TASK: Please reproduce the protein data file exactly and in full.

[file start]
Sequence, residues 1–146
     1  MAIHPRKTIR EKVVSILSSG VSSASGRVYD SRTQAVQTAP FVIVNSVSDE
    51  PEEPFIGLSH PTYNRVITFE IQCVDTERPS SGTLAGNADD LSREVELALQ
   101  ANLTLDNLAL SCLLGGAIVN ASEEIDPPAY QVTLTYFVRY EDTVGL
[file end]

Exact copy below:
Sequence, residues 1–146
     1  MAIHPRKTIR EKVVSILSSG VSSASGRVYD SRTQAVQTAP FVIVNSVSDE
    51  PEEPFIGLSH PTYNRVITFE IQCVDTERPS SGTLAGNADD LSREVELALQ
   101  ANLTLDNLAL SCLLGGAIVN ASEEIDPPAY QVTLTYFVRY EDTVGL